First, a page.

Nintendo Co Ltd reported a 42 percent fall in quarterly operating profit as the yen's strength outweighed robust game sales, and the Japanese video game maker forecast a bigger-than-expected 12 percent profit decline this year, pressuring its shares.
Despite the slide in quarterly profit, Nintendo has fared much better than many other consumer electronics makers. Sony Corp, for instance, is deep in the red, hurt by a strong yen, feeble demand and ballooning restructuring costs.
Nintendo, vying with Microsoft Corp and Sony, has weathered the financial crisis relatively well as consumers continue to spend on games seen as affordable entertainment while cutting back on big-ticket items such as cars.
Nintendo expects its operating profit, a measure of a company's core earnings strength, to fall 11.8 percent to 490 billion yen ($5 billion) in the year to March 2010 due to a firmer yen. That is about 5 percent below a 517.4 billion yen profit consensus in a poll of 25 analysts by Thomson Reuters.
It would be Nintendo's first annual operating profit decline in four years.
At the net level, Nintendo forecast a 7.5 percent rise in profit this financial year to a record 300 billion yen, falling short of the market consensus of a 325.7 billion yen profit.
It is true these numbers are below market expectations. But they are not at all surprising as they tend to make conservative predictions at first, said Mitsushige Akino, chief fund manager at Ichiyoshi Investment Management.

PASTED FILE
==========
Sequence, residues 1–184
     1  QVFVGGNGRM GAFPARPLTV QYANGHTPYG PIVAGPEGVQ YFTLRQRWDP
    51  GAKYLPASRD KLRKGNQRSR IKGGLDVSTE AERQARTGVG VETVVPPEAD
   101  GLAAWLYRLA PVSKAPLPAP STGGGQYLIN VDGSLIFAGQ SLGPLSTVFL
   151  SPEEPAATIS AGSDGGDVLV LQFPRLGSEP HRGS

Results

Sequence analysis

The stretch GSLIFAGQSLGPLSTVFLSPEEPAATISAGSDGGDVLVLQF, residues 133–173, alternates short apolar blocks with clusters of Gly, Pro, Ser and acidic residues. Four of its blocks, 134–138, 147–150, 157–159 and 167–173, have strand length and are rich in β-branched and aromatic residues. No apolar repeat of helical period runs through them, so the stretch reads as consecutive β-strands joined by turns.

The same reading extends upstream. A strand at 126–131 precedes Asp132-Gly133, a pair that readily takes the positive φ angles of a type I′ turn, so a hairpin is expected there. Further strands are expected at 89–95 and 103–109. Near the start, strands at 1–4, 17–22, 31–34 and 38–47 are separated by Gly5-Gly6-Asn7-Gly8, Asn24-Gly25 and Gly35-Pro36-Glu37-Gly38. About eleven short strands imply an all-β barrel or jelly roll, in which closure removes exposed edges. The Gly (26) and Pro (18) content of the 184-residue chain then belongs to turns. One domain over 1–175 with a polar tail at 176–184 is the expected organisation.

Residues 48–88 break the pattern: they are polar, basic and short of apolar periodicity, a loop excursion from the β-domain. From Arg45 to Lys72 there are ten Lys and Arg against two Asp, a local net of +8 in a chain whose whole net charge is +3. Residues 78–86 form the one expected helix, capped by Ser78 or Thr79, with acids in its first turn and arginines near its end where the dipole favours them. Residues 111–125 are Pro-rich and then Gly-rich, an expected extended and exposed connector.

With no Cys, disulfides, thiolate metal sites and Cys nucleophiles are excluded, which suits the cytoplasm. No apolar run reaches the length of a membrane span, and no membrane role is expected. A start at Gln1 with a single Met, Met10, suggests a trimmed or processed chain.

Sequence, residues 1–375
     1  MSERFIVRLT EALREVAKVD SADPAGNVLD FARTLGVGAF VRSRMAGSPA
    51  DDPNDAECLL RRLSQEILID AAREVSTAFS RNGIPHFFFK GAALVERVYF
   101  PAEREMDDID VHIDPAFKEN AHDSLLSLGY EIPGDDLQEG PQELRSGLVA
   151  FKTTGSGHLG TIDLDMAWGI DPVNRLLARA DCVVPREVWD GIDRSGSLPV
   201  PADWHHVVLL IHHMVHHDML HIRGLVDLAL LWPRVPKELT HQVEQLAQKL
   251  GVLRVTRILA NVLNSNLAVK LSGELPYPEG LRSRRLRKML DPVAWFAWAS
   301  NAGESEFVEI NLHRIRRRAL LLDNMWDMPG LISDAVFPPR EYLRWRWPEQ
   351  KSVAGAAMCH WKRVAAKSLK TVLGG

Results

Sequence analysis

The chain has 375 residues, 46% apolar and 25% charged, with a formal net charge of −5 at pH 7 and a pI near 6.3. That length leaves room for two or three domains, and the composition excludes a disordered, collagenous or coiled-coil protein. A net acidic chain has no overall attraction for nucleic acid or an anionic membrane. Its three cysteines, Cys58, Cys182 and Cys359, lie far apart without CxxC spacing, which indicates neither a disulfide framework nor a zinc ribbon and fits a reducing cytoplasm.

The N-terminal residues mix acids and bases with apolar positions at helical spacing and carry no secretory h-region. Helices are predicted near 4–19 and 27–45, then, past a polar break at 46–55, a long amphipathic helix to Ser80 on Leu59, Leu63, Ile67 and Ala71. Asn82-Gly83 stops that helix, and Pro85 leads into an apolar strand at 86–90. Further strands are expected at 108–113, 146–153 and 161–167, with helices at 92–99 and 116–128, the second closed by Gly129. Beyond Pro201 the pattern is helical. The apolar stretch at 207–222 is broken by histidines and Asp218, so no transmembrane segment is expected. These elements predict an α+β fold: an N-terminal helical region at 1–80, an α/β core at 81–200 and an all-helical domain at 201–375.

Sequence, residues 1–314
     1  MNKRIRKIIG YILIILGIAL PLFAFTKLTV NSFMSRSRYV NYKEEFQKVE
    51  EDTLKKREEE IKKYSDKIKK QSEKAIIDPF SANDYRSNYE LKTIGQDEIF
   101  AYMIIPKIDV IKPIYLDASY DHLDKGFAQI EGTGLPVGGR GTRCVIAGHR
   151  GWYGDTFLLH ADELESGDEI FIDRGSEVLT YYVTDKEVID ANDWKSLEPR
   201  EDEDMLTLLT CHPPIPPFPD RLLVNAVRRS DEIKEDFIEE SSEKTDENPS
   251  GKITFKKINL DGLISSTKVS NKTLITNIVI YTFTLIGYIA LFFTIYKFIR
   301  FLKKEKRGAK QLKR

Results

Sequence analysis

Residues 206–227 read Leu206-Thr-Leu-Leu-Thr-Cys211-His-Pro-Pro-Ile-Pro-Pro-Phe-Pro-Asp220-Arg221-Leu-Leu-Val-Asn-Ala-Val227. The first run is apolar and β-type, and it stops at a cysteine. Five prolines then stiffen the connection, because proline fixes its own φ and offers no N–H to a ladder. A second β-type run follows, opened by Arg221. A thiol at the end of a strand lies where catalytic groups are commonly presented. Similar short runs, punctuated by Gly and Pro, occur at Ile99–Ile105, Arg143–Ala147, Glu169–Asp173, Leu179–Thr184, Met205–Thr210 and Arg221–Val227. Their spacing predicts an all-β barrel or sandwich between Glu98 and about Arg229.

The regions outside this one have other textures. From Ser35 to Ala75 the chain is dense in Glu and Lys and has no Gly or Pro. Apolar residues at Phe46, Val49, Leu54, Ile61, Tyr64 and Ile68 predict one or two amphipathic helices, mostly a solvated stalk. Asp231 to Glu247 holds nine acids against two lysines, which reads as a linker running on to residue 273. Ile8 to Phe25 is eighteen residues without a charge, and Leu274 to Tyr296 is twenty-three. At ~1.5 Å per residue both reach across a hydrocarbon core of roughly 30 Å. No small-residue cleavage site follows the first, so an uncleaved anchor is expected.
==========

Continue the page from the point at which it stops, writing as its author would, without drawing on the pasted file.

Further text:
Having said that, a period of break-neck growth now seems to be behind them, he said.
Nintendo's operating profit has soared over the past three years, driven by its twin growth engine of the Wii and DS, which have far outsold rival machines from Sony and Microsoft.
But Sony's PlayStation 3 sold more units than the Wii in March and April in Japan thanks to the launches of new game titles, raising investor worries the Wii's dominant position may start to erode in overseas markets as well.
The stock has lost 21 percent since the start of the year, underperforming a 6 percent gain in the Nikkei average.
But in the larger U.S. market, the Wii was still well ahead of the PS3 in March, the most recent data shows.
I'm afraid views that the U.S. game market just follows whatever has happened in Japan are a little too simplistic, Nintendo President Satoru Iwata told a news conference.
In a move to shore up Wii demand, Nintendo plans to launch its highly anticipated Wii Sports Resort software in June.
The company expects Wii sales to be virtually unchanged at 26 million units in the year to March 2010, and it is predicting a 4 percent slide in DS sales to 30 million units -- the first decline since its 2004 launch.
Nintendo's January-March operating profit was 53.93 billion yen, down from 93.18 billion yen a year earlier. Sales fell 15 percent to 302.27 billion yen.
For a graphic on Nintendo's historical quarterly operating profit and its share price performance, click
For the full year that ended on March 31, the company posted a record operating profit of 555.26 billion yen, up 14 percent, defying the global downturn.
It is quite natural that people are tempted to put the blame on the economy when things aren't going well, Iwata said.
But if you are able to offer attractive products, the kind of products that customers want to buy the most, you will probably not be affected that much by the bad economy, he said.
The Wii's unique features, including its motion-sensing controller that looks like a TV remote, have helped shield Nintendo from fierce price competition that is plaguing the electronics sector worldwide.
Following the earnings announcement, shares in Nintendo closed down 0.1 percent at 26,600 yen, erasing gains made ahead of the news, while the Nikkei was up 4.6 percent.
(Editing by Hugh Lawson)